Natural Gas is Important in Mix of Resources

Since your Missouri Electric Cooperatives built its first natural gas power plant in 1999, gas has become an increasingly important generation fuel for members.

The diversity of your Cooperatives’ generation, coupled with flexible, negotiated fuel supply contracts, helps the cooperative take advantage of lower gas prices to serve member load reliably. In fact, when not needed for member load, your Missouri Electric Cooperatives’ gas plants can competitively generate for off-system sales. This brings in revenue to help keep member rates as low as possible.

The flexibility of switching between gas and coal, depending on price, supply and demand, has enabled your Cooperatives to sell power to members at a lower average cost than nonmember distribution cooperatives pay in the surrounding eight states.

The selling points of gas add up:

  • Plentiful domestic natural gas supply, lower prices and less volatility make gas attractive for generating electricity.
  • In addition to its competitive price, gas is the cleanest of the fossil fuels, producing the least carbon dioxide, sulfur dioxide, nitrogen oxides and particulate matter emissions.
  • Gas plants are less costly to build, operate, maintain and staff than coal plants, which face increasing costs due to new and uncertain environmental regulations.
  • Peaking gas units can start in nine to 15 minutes – much, much faster than coal units – to meet peak energy demand, the fluctuations that come with wind energy and federal reliability standards set by North American Electric Reliability Corp.
  • A combined-cycle gas plant can produce a kilowatt-hour of electricity more efficiently than a coal plant.

Your Cooperatives gets in the gas business Natural gas traditionally was a fuel for heating homes, but in the mid-1990s that changed as wholesale generators began building lower-cost, gas-based power plants.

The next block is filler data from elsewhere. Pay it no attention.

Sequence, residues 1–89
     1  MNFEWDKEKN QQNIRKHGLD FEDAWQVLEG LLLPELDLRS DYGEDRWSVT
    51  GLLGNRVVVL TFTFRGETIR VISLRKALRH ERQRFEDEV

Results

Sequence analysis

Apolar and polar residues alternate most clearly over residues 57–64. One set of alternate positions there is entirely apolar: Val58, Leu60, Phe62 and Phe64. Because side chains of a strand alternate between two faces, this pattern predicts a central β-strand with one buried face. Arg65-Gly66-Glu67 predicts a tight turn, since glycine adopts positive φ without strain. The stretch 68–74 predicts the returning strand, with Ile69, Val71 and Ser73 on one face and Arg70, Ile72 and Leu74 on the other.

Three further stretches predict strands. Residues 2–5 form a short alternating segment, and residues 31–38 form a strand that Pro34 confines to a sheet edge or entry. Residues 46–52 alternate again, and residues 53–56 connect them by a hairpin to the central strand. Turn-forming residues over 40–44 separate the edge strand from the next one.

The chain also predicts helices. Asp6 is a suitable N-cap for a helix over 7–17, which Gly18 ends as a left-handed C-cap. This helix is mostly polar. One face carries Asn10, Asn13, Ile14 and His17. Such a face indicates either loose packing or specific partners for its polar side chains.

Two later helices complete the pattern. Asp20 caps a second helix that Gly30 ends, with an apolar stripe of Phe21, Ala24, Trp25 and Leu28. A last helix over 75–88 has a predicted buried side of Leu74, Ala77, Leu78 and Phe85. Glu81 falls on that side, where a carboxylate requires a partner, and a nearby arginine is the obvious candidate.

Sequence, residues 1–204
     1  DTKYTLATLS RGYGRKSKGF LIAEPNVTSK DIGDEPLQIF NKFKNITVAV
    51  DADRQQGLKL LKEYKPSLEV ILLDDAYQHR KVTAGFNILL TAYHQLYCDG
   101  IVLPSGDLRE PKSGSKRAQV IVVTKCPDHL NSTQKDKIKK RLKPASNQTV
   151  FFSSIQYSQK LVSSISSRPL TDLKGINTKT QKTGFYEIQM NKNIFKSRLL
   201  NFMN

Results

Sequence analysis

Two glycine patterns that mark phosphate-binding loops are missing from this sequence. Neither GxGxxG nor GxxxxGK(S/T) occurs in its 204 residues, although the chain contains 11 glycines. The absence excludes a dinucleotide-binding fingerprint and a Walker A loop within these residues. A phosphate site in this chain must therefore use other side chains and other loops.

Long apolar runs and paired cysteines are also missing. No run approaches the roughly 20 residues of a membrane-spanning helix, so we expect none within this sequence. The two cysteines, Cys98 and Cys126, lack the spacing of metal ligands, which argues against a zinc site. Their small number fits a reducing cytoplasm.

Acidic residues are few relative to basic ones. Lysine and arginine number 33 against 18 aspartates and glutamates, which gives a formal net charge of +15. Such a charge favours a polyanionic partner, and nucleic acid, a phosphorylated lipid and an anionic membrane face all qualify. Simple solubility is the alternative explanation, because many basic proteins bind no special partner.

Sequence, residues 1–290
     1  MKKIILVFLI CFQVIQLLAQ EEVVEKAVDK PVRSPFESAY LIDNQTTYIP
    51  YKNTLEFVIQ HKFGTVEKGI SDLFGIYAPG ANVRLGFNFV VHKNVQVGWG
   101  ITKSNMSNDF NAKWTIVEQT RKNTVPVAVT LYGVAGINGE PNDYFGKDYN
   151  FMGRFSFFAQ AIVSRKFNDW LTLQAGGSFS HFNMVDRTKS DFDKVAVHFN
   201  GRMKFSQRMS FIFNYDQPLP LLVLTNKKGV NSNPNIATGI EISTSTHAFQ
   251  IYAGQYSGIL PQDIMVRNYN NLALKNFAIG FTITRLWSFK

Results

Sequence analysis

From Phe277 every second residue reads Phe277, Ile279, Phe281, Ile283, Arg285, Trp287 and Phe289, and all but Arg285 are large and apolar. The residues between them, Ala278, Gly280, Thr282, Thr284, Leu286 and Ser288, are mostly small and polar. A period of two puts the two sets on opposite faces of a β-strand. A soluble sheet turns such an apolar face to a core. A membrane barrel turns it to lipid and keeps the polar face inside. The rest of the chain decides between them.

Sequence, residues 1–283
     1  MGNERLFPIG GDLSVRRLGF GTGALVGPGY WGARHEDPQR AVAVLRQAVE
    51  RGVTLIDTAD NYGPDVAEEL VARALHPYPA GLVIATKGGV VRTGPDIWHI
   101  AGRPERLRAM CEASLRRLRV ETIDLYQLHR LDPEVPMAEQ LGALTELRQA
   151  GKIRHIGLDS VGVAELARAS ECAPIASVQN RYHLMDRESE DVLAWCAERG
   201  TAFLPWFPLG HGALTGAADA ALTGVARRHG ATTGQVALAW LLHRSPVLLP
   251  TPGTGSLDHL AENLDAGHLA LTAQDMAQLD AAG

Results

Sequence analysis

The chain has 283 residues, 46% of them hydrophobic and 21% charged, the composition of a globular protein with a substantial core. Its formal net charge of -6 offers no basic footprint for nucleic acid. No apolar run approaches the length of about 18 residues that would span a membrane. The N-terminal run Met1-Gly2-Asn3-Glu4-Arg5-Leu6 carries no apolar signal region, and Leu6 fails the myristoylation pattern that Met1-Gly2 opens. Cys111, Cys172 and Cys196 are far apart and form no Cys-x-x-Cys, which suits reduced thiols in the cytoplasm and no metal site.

Needing to diversify its power supply and add peaking generation, you Cooperatives saw these indicators and worked with a consultant to broker the construction of St. Francis Power Plant in 1999. In rapid order came Holden, Essex and Nodaway peaking plants; expansion of St. Francis; addition of Chouteau and Dell power plants; and expansion of Chouteau. Today, your Cooperatives’ gas fleet is a highly valuable asset that gives the cooperative great flexibility for providing clean, affordable, reliable electricity for members.

Your Cooperatives’ gas supply comes from domestic sources connected to the country’s vast pipeline network, ranging from small, locally owned producers to some of the world’s largest energy companies.

Contracts with pipelines also help stabilize delivered cost of gas. Vast new deposits of shale gas – estimated at more than 100 years – being drilled are expected to continue to stabilize gas prices.

How does price affect costs?

Like most commodities – think oil, wheat, corn, livestock – natural gas trades daily on exchanges such as the Intercontinental Exchange Inc. and New York Mercantile exchange. These trades, influenced by supply and demand, establish the price of gas for a given day or future timeframe. Your Cooperatives’ fuels department procures and manages gas supply, seeking terms that reduce risk, provide reliable deliveries and minimize costs.

Of course, your Cooperatives must consider current and future prices for all generating resources. The cooperative uses the lowest-cost resources and power plants available to supply members.

Typically, hydropower and wind generation are used first, and that’s partly due to your Cooperatives’ contracts that require taking all wind power produced. Then coal, gas or even purchased power, if its cost is lower than your Cooperatives can generate, are used.

Your Cooperatives’ diverse resource mix keeps its wholesale rates among the lowest in the country.

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